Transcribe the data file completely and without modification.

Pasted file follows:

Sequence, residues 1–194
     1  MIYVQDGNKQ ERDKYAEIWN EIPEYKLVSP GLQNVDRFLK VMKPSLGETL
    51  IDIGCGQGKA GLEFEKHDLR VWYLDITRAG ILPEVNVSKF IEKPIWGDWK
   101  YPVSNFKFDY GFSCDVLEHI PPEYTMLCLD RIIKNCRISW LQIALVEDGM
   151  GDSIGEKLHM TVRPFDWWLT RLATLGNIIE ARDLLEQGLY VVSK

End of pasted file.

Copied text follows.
Sequence, residues 1–194
     1  MIYVQDGNKQ ERDKYAEIWN EIPEYKLVSP GLQNVDRFLK VMKPSLGETL
    51  IDIGCGQGKA GLEFEKHDLR VWYLDITRAG ILPEVNVSKF IEKPIWGDWK
   101  YPVSNFKFDY GFSCDVLEHI PPEYTMLCLD RIIKNCRISW LQIALVEDGM
   151  GDSIGEKLHM TVRPFDWWLT RLATLGNIIE ARDLLEQGLY VVSK